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Women and PR: It’s In The Genes (and Jeans)

DNA
Women have the natural ability to be good at public relations; it’s in our genetic make-up.

Experts have discovered that there are actual differences in the growth structure of men and women’s brains causing us to react differently to events and stimuli. It has been joked about for years and proven by scientists. Many of the differences lend the female of the species to an easier success rate in the public relations arena. We have an innate ability to interact with peers, subordinates and other stakeholders. We are inquisitive and value these everyday interactions and relationships.

These characteristics are key in becoming more successful in achieving objectives:

Communication

Because our left and right brain hemispheres work together, women are able to communicated more effectively than men (who are mostly left hemisphereians), focusing on solutions and issues while using and picking up on non-verbal cues such as tone, emotion and empathy. Men are less likely to pick up on emotions and emotional cues.

Multitasking

Women’s corpus callossum, which is essentially the bridge from our brains’ left and right hemispheres, is much bigger than men’s. This allows us the ability to multi-task – another great asset for women! Following through a lifetime of balancing multiple projects, priorities and interests beside our own affords us the opportunity to focus on the most important issues and to cut through the fluff.

We are quite efficient at managing out of the office and in the trenches, allowing us to get critical information for personal and organizational success wherever we go.

Building Relationships

Women typically have a larger deep limbic system than men, allowing us more access to our feelings and expressiveness. We develop deeper relationships. Bright and successful women attract and surround themselves with the best and the brightest.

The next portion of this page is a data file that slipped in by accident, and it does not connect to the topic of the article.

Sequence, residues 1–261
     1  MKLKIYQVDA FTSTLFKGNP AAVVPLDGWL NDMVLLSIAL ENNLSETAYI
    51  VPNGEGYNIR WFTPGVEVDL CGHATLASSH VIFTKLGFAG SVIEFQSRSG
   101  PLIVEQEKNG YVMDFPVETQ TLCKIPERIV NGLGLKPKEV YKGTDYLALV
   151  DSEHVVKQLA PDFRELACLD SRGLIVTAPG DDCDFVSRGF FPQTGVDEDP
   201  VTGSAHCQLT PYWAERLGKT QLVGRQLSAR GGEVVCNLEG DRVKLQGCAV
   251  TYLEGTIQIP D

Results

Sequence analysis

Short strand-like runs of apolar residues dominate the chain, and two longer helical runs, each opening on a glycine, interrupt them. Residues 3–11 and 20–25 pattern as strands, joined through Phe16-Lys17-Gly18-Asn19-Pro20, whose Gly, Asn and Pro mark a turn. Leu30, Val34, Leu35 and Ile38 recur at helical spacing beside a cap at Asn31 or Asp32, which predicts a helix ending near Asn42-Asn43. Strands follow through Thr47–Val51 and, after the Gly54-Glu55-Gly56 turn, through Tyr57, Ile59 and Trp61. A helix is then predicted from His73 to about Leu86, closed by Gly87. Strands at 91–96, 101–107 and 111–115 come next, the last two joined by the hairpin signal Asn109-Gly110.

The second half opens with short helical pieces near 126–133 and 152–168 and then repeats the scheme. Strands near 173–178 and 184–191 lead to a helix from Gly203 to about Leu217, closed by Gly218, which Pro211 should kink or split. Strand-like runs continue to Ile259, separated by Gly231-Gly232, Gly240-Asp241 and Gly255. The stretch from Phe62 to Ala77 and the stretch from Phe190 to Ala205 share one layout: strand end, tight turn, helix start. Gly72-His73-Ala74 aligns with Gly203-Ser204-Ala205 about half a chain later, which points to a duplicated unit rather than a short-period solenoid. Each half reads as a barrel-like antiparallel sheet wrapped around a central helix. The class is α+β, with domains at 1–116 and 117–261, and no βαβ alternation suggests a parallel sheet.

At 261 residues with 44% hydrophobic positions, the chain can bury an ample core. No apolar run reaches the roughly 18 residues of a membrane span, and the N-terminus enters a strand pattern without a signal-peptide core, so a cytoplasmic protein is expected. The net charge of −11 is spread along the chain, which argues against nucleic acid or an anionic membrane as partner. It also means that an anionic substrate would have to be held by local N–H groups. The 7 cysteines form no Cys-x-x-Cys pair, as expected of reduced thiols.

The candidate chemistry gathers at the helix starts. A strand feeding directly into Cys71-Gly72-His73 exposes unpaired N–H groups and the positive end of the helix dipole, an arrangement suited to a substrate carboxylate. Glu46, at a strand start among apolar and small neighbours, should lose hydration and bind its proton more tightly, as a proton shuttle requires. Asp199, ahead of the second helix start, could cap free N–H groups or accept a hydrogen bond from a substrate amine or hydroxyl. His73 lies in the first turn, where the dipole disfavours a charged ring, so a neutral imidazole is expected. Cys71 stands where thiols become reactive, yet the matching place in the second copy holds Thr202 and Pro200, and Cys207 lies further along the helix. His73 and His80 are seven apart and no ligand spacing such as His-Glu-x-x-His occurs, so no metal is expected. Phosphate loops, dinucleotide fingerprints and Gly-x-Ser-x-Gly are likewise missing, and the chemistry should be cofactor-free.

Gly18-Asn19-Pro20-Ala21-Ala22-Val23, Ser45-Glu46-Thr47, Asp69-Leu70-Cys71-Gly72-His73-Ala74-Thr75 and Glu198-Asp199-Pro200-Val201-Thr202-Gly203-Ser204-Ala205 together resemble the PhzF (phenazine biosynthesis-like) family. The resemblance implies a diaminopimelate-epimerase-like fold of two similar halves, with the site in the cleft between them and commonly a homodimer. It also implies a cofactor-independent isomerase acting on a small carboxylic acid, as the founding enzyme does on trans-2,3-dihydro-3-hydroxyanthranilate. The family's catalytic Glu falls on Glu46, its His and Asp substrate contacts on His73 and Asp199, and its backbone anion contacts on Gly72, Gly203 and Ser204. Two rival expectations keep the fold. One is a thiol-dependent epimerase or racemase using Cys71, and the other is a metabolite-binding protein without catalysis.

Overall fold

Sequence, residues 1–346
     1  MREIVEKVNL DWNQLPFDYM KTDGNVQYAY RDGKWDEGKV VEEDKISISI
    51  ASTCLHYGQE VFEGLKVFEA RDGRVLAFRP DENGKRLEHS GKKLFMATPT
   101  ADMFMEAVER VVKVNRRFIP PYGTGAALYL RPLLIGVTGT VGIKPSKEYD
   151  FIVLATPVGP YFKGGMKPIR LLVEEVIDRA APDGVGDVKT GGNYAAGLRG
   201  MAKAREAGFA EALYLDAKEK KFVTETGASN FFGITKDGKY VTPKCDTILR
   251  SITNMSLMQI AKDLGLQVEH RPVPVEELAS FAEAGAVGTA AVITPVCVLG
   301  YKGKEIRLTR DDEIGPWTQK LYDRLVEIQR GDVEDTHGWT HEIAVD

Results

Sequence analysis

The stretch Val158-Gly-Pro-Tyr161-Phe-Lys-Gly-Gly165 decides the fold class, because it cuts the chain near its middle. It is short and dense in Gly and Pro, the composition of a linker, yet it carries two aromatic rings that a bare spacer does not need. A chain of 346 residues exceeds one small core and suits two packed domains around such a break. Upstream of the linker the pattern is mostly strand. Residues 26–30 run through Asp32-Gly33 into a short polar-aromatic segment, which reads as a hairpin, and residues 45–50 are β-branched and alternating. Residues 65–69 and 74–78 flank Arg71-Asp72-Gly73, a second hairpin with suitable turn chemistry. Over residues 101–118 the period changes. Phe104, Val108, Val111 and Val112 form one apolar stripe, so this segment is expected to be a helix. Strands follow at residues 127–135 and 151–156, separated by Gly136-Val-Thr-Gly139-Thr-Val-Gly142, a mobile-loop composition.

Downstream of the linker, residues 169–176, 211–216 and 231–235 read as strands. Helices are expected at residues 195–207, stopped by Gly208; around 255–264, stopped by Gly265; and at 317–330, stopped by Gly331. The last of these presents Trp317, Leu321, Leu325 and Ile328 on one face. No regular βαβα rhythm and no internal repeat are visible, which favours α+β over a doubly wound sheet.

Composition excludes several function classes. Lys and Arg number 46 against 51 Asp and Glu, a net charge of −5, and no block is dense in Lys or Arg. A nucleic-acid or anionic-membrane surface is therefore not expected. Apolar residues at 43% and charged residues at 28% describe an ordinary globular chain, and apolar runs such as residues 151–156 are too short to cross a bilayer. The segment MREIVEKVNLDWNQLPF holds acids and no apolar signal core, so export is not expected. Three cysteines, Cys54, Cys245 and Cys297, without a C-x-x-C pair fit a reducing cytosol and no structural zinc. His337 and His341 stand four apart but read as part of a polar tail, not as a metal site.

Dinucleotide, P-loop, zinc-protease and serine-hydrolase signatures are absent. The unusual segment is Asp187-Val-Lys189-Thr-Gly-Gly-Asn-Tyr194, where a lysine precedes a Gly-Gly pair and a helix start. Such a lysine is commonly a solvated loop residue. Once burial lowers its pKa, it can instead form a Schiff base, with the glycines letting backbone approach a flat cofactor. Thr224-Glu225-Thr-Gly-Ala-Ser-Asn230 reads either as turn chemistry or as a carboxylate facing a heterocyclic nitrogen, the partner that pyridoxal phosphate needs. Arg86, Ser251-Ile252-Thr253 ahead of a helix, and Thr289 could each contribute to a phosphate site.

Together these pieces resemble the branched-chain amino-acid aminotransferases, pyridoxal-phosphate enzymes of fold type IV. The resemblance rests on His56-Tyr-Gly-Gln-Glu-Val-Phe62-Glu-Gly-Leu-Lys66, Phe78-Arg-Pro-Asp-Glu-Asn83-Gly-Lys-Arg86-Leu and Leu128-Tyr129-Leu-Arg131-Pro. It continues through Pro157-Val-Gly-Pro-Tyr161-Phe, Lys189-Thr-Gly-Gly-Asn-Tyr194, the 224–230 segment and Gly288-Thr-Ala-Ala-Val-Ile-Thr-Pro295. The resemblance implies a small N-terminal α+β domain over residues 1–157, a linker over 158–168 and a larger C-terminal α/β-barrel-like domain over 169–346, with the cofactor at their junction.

A great team raises each other to success, less concerned with competition or subordinates, and more motivated with team success.

Successful women are able to tap into their natural ability to communicate and hone in on what needs to be said and asked, while communicating effectively with a wide range of people. The ability to stay with the important issues and follow them through to the end is a necessary evil, avoiding what has been coined as “mutual mystification” where a meeting is adjourned and nothing has been accomplished and no one really knows what was discussed.

Straight talk is essential and another talent that seems to come naturally to women. Success depends on the ability to communicate honestly and effectively while receiving feedback. Too many of the worst management decisions have been made because of lack of communication and un-receptiveness to receiving objective input from others.

Women seem to be less caught up by the official chain of command and offer more of an open door policy, which makes us more receptive to those who reach out to us. We often surround ourselves with a variety of people carrying different perspectives on the real scoop, important concerns, issues and opportunities. It’s yet another of our great attributes that comes naturally – women more successfully nurturing and building relationships.

To sum it all up:

Success tips: use your genes

1. Communicate to resolve anything. It’s what women do best.

2. Multi-task. Women can access both hemispheres of their brain, so use it or lose it. I personally like to watch breaking news while preparing my favorite crock-pot recipe for dinner. Okay, I’m domestic. Keep this a secret!

3. Ask for help. Women work in teams naturally. We have since we lived in caves. So, when you’re feeling stressed, get support from your family, friends and co-workers. Then you can celebrate your success with them.

Success tips: use your jeans

1. Dress for success. When you wake up in the morning, get dressed – even if you work from home. This is a subtle communication to yourself that you are taking care of yourself and you are ready to receive successful results for the day. If you wear comfy jeans because you’re at home, dress them up with some fabulous jewelry or a belt. It will make you smile when you look in the mirror or find yourself on a last minute Skype call where everyone can see your video feed.